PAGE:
Written with kanji characters that mean “speech” and “soul,” kotodama (ことだま) refers to Japan’s traditional idea that words spoken aloud have the power to magically influence the world around us.

Spirited Away demonstrates kotodama in one of its main plot points. When the young protagonist Chihiro signs a contract to work for the spirit Yubaba, she is required to answer to a new name, Sen. Later, Chihiro learns that she must not forget her real name or she will be stuck as Yubaba’s worker, unable to return to the life she led as Chihiro.

5. The Source of Evil (Princess Mononoke, 1997)

Princess Mononoke is an exploration of how destruction begets more destruction.

The beginning of Princess Mononoke introduces Nago—a boar god who has transformed into a spider-like monster—or tatarigami (curse god) according to the original Japanese script.

Tatarigami of legend take on different forms. Some are simply powerful entities that bring destruction, but others are wronged spirits seeking vengeance. Princess Mononoke’s Nago belongs to the latter category of tatarigami. After humans destroyed his forest and waged war on the spirits of nature, Nago was consumed by his thirst for revenge.

As a tatarigami, Nago spreads a curse of hatred, which either slowly kills its victims or turns them into a tatarigami. Introducing Nago this way shows Princess Mononoke is not a battle between good and evil, but an exploration of how destruction begets more destruction.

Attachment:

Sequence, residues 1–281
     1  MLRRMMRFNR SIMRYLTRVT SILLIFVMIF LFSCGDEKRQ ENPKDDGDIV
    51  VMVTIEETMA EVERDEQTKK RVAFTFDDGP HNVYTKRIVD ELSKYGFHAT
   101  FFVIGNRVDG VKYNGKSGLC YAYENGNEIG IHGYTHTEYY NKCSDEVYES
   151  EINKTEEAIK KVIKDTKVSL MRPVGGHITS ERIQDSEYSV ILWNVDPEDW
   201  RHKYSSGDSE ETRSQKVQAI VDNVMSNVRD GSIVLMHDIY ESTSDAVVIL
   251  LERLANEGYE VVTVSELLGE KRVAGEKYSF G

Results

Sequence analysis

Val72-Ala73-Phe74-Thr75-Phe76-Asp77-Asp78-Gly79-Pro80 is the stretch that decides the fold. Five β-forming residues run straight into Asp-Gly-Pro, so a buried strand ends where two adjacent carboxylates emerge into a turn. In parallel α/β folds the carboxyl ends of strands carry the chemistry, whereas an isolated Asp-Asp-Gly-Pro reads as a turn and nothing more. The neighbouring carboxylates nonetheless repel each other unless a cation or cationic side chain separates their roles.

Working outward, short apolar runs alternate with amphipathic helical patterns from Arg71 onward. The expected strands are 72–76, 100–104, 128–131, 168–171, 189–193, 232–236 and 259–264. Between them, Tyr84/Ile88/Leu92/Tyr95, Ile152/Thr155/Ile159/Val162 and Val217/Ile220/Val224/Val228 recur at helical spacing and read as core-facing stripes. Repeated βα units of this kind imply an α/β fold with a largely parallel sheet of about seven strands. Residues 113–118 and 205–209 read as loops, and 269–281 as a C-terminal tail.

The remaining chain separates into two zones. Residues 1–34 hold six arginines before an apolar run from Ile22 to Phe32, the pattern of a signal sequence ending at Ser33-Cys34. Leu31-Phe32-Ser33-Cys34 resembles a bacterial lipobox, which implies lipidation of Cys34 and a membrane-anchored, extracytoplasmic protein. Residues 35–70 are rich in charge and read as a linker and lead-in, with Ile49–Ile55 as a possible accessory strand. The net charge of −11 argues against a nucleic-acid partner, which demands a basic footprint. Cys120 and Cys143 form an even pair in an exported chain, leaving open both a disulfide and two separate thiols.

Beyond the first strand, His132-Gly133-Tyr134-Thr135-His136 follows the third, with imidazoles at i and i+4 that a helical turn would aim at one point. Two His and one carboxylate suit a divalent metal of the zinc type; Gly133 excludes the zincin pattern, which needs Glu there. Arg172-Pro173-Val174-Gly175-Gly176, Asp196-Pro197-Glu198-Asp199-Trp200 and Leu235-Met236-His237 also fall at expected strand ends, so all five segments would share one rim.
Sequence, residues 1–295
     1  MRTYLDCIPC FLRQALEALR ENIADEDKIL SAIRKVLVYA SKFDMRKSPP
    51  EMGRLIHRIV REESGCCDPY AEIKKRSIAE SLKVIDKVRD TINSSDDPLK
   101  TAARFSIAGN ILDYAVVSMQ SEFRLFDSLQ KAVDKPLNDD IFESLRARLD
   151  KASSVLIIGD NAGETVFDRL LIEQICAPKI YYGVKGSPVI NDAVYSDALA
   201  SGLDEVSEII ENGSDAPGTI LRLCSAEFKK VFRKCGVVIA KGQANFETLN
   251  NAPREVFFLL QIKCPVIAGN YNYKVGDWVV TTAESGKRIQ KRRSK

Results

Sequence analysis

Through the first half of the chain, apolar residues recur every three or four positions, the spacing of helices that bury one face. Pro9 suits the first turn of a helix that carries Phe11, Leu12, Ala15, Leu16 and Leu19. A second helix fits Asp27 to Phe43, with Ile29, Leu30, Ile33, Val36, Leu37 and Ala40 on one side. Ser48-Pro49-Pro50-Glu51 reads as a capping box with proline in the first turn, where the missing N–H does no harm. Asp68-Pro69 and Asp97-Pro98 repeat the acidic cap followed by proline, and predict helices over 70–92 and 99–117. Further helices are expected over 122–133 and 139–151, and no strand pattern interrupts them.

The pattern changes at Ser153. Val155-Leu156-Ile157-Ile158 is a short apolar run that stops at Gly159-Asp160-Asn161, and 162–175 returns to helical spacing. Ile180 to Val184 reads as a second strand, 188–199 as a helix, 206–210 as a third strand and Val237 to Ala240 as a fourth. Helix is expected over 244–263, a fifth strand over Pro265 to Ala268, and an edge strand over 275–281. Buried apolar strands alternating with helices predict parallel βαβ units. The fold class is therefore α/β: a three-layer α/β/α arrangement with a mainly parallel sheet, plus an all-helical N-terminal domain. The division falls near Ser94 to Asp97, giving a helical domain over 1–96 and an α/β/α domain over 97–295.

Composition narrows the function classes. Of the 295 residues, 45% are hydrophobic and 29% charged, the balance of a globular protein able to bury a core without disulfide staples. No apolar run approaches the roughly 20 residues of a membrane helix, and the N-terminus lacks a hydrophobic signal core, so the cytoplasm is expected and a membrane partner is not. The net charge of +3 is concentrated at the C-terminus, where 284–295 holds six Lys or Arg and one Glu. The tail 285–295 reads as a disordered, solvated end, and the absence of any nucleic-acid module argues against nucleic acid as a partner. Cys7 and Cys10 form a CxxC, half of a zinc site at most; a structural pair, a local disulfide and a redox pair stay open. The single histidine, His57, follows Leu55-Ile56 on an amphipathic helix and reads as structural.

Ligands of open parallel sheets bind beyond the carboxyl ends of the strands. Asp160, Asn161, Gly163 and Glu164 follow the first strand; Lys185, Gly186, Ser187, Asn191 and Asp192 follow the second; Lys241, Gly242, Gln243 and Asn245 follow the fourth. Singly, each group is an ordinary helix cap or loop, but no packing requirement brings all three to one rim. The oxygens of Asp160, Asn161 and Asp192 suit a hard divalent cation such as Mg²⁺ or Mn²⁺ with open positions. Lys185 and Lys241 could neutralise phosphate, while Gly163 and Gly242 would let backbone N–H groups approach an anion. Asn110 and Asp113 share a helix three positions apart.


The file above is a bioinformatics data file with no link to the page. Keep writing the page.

6. Ghosts in Summer (When Marnie Was There, 2014)

In Japan, they say the barrier between the world of the living and the dead is thinner during the summer.

This film follows 12-year-old, Anna, who spends the summer with her foster family’s relatives in the countryside of Hokkaido (Japan’s northernmost prefecture). Soon after arriving, Anna begins seeing visions of a girl living in a local abandoned mansion—which the townsfolk believe to be haunted.

The book by Joan G. Robinson that inspired this movie was set in England, but Ghibli’s choice to change the setting to Japan infuses the story with extra cultural significance. Japanese tradition claims that the barrier between the world of the living and the world of the dead is thinner during the summer, making it possible for spirits to return. The reason for Anna’s ghostly visions is shrouded in mystery, but perhaps the timing of her countryside visit is to blame.

7. Obligation Versus Gratitude (The Cat Returns, 2002)

Would you live in a cat kingdom?

After a high school girl named Haru rescues a cat from being hit by a car, she discovers this cat is a prince. In thanks for her actions, Haru is offered the cat prince’s hand (paw?) in marriage, which she accidentally accepts and then is not allowed to refuse.

Daily life in Japan is full of gratitude, as seen in words of thanks, the depth of one’s bow and several gift-giving customs. With so many expectations of giving thanks, however, how does one know if they are receiving real gratitude or simple obligation?

The Cat Returns’ Japanese title: Neko no Ongaeshi (“The Cat Returns a Kindness”) makes it clear the movie is an exploration of gratitude and obligation. This title echoes that of a classic Japanese tale, Tsuru no Ongaeshi (“The Crane Returns a Kindness”), a story in which a crane shows gratitude to a man by marrying him and weaving beautiful cloth for him from her own feathers. Perhaps The Cat Returns is Ghibli’s interpretation of this classic for modern audiences.

What is your favorite Ghibli movie? What other folkloric and cultural influences have you noticed in these films? Let us know in the comments!